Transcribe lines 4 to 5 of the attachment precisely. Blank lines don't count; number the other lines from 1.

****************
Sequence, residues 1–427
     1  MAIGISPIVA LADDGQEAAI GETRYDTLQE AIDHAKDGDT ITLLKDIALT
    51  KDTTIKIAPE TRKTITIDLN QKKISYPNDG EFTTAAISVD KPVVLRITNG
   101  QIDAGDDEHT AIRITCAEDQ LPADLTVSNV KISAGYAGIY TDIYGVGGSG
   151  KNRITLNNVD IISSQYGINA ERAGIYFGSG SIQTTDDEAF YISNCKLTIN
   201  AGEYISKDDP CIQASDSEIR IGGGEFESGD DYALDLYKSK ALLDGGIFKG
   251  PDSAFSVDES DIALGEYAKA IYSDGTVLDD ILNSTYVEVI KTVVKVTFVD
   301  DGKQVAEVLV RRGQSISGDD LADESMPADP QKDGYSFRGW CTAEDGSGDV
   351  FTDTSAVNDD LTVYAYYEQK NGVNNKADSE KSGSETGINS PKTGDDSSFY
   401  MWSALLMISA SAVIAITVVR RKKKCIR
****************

   101  QIDAGDDEHT AIRITCAEDQ LPADLTVSNV KISAGYAGIY TDIYGVGGSG
   151  KNRITLNNVD IISSQYGINA ERAGIYFGSG SIQTTDDEAF YISNCKLTIN